Are you trying for a baby but have been unsuccessful so far? Perhaps it’s time to pause and think about the possible reasons that may be lurking behind those failed attempts—one of which could be PCOS.

The Centers for Disease Control And Prevention (CDC) of America says that PCOS (or polycystic ovarian syndrome) is the most common cause of infertility in women and about five million women in the United States are affected by it.

PCOS & Infertility
PCOS is a hormonal condition in which a woman produces a surplus of androgens (or male hormones). Men normally have high levels of androgens that are responsible for bodily changes such as hair growth and increase in muscle mass.

However, when women secrete an excess of androgens, small fluid-like sacs are formed in the ovaries known as cysts. These cysts grow in the ovaries and begin interfering with the production of the egg and the menstrual cycle, thus causing infertility.

PCOS is a common problem in obese women. This is because obesity affects the body’s hormonal levels and leads to the conversion of the hormone estrogen to male androgen. The excessive androgen affects ovulation and decreases egg production, causing infertility.

Most women with PCOS are resistant to insulin due to which larger amounts of insulin are needed to maintain normal blood sugar levels. This affects the hormonal imbalance and puts a person at an increased risk of diabetes and heart disease.

Improper use of intrauterine devices and misuse of contraceptive pills can also contribute to PCOS.

What Are The Main Symptoms Of PCOS?
While symptoms of PCOS may vary from women to women, here are some signs to look out for.

  • Infertility (inability to get pregnant) because of no ovulation.
  • Hirsutism (increased hair growth on face, chest, stomach and back)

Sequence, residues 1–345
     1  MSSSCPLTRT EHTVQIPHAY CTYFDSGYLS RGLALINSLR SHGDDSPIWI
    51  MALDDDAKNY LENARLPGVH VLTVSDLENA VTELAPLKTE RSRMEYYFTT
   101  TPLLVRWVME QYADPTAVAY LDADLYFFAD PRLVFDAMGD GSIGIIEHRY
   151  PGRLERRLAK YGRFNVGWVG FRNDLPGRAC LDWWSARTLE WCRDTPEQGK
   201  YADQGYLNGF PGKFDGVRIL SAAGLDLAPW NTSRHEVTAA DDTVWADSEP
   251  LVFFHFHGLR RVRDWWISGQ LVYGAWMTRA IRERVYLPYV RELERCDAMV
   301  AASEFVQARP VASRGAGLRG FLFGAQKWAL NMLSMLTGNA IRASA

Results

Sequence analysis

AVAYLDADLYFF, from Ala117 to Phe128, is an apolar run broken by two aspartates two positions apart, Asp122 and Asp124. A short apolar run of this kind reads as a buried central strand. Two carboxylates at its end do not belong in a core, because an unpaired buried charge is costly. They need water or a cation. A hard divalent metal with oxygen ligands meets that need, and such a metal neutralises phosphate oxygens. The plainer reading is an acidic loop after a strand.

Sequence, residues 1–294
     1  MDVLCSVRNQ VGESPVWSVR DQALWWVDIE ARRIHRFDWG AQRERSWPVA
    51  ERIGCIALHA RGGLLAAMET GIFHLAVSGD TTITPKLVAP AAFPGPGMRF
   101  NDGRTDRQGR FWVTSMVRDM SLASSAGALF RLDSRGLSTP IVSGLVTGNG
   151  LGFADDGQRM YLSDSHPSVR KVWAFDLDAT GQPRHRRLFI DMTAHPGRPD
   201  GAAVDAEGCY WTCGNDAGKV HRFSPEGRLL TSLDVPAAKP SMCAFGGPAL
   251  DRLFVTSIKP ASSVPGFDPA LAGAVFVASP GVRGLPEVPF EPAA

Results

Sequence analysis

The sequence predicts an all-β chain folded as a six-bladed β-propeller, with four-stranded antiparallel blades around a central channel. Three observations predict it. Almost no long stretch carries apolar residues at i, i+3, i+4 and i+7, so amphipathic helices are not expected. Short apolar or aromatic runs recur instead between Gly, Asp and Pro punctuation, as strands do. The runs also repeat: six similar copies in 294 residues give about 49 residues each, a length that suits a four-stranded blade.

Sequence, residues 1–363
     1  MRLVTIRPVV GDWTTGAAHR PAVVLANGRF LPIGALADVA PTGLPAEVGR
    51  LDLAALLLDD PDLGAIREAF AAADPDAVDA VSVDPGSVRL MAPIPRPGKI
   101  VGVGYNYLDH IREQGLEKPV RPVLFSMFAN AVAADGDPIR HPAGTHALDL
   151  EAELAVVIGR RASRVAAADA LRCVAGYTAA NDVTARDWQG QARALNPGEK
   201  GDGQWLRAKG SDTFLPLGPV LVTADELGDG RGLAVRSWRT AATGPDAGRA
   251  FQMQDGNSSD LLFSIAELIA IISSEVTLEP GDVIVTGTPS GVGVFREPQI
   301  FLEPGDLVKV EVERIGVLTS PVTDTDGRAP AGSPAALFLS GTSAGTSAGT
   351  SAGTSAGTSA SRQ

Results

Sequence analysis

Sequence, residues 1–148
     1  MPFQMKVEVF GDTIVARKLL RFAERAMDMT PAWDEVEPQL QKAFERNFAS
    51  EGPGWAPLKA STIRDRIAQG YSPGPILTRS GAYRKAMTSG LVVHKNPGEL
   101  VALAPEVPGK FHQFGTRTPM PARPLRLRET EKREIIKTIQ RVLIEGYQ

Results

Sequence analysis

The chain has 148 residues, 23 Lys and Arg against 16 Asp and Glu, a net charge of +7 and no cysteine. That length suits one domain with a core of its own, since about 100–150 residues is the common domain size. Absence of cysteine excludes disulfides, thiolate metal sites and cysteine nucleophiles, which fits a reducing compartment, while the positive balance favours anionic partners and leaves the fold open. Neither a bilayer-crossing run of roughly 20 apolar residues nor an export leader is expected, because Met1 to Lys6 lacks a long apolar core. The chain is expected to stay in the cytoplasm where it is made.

• Irregular, infrequent or absent menstrual periods. A menstrual cycle that occurs within 25 to 35 days with three to five days of proper bleeding is considered as normal. Anything before or after this period is considered an irregular cycle.
  • Hair thinning
  • Oily skin, followed by acne or dandruff
  • Weight gain or obesity (accumulation of fat, especially around the waist)
  • Depression or anxiety
  • Skin tags
  • Sleep apnea
  • High cholesterol

How To Manage It
While PCOS can’t be cured, it can be controlled to an extent by maintaining a healthy diet and exercising regularly, which would in turn improve your chances of conceiving.

1) Lifestyle Changes
Most women with PCOS are obese or overweight. Losing weight can be your first step to managing PCOS better. Even a 10 percent reduction in body weight could help regularize your period and improve your chances of fertility.

  • Limit your processed food intake and cut down on foods with added sugars.
  • Add more whole grains, fruits, vegetables and lean meats to your diet.
  • Avoid smoking and drinking.
  • Have green leafy vegetables, as they contain folic acid that boosts fertility in women.

2) Medication
If you have irregular periods, visit a gynecologist. The doctor would prescribe ovulation-inducing medicines. These are usually prescribed as a five-day course, which begins on the second day of your period. Certain contraceptive pills and anti-diabetic medicines may also be prescribed for the management of PCOS. These medicines could balance your insulin and hormonal levels and help you ovulate.

3) Surgery
Your doctor may perform a surgery known as ‘ovarian drilling’ that can increase your chances of ovulation. This surgery can decrease androgen levels and increase the chances of conception. A small cut is made above or below the navel and a small tool (laparascope) is inserted into the abdomen. The doctor punctures the ovary with a small needle carrying an electric current to destroy the damaged portion of the ovary.

4. Natural Remedies
Certain herbs such as cinnamon and fenugreek can be useful in regularizing your menstrual cycle and control hormonal imbalance. Read about them here.

Image Source: Shutterstock

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